Goodfellow Fund holiday charity trying to help 8,000 families

Posted Sunday, Nov. 03, 2013  comments  Print Reprints
How to help For information about the Goodfellow Fund or to volunteer, call 817-289-3871 or e-mail • Credit card donations are accepted at the Goodfellow Fund's website, Checks may be mailed to Goodfellows, Box 1870, Fort Worth, TX 76101. Contributors’ names will be published unless anonymity is requested.

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It takes about $1 million and a small army of volunteers — people of all ages — to complete the Goodfellow Fund’s annual Christmas charity for underprivileged children in Tarrant County.

But although organizers acknowledge having a few anxious moments in the process, they also have a century-old track record of success.

The 101-year-old charity, founded in 1912 at the Star-Telegram, is on pace this year to serve an estimated 20,000 schoolchildren from 8,000 needy families. The effort got underway last month; it’s scheduled to wrap up Dec. 13.

“We’re definitely at a quick pace,” said Lauren Neisler, a program manager at Catholic Charities of Fort Worth, which helps administer the fund. “The volunteers are doing an amazing job, and we’re very thankful for them.”

But just like every year, organizers continue to recruit much-needed volunteers who interview parents and guardians and process their applications.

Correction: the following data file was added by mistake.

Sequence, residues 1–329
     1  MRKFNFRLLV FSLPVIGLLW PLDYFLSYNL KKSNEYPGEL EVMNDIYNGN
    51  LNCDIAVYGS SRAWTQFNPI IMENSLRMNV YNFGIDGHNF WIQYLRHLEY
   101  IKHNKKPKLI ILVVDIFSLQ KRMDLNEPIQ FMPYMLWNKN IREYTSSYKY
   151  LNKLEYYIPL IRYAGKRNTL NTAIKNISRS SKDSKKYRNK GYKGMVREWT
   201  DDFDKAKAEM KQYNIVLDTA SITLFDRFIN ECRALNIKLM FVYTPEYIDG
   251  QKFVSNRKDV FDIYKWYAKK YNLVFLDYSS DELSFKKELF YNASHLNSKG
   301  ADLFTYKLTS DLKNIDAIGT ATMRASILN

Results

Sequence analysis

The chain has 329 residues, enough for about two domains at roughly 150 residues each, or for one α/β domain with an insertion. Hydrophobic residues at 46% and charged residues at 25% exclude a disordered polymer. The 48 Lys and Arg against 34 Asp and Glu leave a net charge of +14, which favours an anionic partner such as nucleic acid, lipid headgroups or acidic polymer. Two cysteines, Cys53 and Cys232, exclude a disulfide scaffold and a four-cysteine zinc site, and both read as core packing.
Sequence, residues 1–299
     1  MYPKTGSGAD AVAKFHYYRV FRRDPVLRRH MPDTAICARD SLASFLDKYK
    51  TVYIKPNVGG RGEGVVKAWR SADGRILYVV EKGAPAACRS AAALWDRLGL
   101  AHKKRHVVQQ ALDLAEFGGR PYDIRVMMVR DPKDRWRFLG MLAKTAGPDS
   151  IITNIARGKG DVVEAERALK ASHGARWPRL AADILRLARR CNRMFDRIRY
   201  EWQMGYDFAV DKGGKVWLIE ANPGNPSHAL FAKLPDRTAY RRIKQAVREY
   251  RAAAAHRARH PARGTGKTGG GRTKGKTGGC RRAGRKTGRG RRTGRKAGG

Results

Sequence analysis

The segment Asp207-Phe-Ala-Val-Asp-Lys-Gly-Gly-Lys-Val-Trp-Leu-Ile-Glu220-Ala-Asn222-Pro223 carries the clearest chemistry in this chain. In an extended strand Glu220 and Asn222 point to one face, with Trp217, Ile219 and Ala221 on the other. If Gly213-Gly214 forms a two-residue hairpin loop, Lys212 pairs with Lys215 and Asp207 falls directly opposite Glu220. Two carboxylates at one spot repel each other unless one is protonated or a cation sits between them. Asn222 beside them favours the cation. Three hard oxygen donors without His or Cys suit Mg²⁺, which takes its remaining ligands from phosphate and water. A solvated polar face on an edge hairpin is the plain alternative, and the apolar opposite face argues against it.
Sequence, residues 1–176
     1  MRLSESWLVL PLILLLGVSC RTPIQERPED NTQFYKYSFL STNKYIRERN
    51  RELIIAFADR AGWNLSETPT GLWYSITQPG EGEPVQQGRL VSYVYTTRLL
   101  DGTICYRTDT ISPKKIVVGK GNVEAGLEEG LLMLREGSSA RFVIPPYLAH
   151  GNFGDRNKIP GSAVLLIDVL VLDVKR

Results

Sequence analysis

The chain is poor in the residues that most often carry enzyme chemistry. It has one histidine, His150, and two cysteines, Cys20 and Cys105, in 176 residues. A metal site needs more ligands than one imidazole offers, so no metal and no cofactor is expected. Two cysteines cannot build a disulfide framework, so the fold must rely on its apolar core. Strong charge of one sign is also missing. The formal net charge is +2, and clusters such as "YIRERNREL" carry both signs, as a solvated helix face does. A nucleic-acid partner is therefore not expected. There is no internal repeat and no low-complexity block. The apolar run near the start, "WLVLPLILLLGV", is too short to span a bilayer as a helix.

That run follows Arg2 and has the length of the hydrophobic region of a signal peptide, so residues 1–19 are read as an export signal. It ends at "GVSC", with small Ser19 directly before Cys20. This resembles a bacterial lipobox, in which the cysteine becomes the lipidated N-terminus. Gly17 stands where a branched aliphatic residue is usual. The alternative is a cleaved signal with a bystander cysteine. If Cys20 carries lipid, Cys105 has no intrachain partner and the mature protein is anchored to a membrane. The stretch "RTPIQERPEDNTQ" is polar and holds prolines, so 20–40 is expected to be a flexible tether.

Adults who apply to the charity are interviewed in person. If they satisfy the requirements, they leave the interview with a $50 Penney's gift card for each eligible child to buy clothes and shoes.

All these efforts, however, can’t happen without donations, which typically accelerate in November, said Richard Greene, the fund’s executive director.

“We set a goal of $1 million, predicated on past donation history,” Greene said. “But I always get sweaty palms and anxiety this time of year. We’ve been a little short in recent years, although we’ve come close.”

The charity relies on longtime support from groups like the Exchange Club, which historically makes a “six-figure” donation to the effort, Greene said.

But, he noted, even schoolchildren get involved, like the students from Arlington schools, with Bailey Junior High School leading the way with about $15,000 each year.

“We also got children 10 to 12 years of age picking up cans on the sides of road, getting the money and donating it,” Greene said. “This teaches them at a young age to give by helping kids who might live just around the corner.”

Bill Miller, 817-390-7684 Twitter: @Bill_MillerST

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